Andrew Carnegie's Expansion Of The Steel Industry

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Andrew Carnegie was born on November 25, 1835 in Scotland and died August 11, 1919 in Massachusetts. He was an American industrialist who led the expansion of the steel industry. During Carnegie’s childhood, an economic downturn resulted in his family moving to Pennsylvania. At age 14, Carnegie became a messenger in a telegraph office, where he eventually became the secretary and telegrapher of Thomas Scott, a superintendent of the Pennsylvania Railroad Company. In 1859, he rose above Scott as superintendent of the railroad’s Pittsburgh division.
During this time he began making industrial investments in businesses such as the Keystone Bridge Company. Foreseeing the future demand for iron and steel, Carnegie left the Pennsylvania Railroad in 1865 and started managing the Keystone Bridge Company. From about 1872–73, he began

concentrating on steel, investing in the J. Edgar Thomson Steel Works, which would eventually become the Carnegie Steel Company. In the 1870s, Carnegie’s company built the first steel plants in the United States to use the Bessemer steelmaking process. Carnegie obtained greater profit by buying out the suppliers of the raw materials for steelmaking.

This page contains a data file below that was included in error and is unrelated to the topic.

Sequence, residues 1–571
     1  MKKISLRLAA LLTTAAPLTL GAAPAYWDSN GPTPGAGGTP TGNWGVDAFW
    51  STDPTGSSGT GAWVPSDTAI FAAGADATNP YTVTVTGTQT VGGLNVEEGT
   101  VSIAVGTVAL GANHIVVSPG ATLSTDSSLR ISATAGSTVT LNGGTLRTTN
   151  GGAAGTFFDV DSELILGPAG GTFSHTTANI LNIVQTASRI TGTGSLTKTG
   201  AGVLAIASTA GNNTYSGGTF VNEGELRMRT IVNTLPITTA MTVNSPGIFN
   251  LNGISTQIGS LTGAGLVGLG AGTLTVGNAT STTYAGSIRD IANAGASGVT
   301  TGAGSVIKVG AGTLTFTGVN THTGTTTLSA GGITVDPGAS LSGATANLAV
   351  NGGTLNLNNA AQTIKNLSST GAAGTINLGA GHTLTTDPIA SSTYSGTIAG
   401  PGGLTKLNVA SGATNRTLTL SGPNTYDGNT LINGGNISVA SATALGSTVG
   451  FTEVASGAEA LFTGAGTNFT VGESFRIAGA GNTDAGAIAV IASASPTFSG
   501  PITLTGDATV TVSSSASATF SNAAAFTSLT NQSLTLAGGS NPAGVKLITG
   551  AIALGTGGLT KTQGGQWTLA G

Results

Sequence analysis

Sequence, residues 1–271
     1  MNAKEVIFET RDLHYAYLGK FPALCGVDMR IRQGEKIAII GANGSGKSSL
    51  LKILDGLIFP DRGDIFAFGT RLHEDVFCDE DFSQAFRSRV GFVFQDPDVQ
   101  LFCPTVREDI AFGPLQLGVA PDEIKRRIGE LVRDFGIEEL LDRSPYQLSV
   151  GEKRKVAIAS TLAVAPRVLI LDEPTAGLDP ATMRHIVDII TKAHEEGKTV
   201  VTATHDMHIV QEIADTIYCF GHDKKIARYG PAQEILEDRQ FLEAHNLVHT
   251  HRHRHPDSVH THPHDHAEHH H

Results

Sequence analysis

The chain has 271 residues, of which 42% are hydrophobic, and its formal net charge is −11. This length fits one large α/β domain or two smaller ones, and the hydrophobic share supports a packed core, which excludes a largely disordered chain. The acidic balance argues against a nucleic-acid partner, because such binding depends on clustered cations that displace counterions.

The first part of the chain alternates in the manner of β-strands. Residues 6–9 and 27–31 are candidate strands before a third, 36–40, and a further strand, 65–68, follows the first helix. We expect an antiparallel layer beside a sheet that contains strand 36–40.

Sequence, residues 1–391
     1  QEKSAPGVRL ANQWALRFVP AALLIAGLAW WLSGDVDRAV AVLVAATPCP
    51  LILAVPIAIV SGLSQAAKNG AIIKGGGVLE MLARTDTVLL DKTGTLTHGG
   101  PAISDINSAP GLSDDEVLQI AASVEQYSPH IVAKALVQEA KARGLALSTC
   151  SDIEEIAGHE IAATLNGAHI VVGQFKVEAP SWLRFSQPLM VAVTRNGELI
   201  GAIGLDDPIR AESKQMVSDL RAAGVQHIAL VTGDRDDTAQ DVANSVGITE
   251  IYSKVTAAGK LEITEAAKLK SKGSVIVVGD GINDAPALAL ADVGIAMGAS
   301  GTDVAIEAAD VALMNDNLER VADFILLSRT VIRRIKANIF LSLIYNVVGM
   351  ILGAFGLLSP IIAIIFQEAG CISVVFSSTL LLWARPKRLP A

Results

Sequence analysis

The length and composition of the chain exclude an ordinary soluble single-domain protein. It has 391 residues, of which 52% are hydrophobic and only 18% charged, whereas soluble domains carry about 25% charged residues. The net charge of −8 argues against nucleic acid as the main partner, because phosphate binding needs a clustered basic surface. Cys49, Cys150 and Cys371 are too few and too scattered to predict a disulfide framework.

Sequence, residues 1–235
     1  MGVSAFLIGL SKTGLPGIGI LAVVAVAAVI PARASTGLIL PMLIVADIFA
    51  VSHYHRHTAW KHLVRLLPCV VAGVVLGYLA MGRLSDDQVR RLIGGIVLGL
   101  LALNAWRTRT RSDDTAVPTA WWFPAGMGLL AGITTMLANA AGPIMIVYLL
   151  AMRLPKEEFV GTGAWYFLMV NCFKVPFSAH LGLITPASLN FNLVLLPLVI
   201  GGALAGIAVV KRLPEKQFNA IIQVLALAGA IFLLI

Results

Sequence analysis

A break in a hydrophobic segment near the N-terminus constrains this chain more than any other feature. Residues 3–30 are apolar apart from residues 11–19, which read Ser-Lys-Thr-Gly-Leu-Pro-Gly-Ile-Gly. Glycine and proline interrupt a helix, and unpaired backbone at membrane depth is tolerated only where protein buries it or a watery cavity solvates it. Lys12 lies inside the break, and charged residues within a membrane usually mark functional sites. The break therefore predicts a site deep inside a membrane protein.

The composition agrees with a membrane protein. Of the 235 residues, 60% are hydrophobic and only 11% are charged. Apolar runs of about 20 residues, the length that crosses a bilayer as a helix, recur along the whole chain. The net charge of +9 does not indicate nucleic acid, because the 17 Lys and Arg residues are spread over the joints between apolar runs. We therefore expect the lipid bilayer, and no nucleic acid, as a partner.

Carnegie also recruited very capable employees to work for him, including Henry Clay Frick. By 1889, the Carnegie Steel Company dominated the American steel
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His most famous article, “Wealth,” appearing in the North American Review. This held that a man who has great wealth has a duty to use his surplus wealth for “the improvement of mankind”. A “man who dies rich dies disgraced.” Carnegie’s own donations came to total about $350,000,000. His main charitable foundations, were the Carnegie Trust for the Universities of Scotland, the Carnegie Dunfermline Trust, the Carnegie United Kingdom Trust, the Carnegie Institute of Pittsburgh, the Carnegie Institution of Washington, the Carnegie Endowment for International Peace, and the Carnegie Corporation of New
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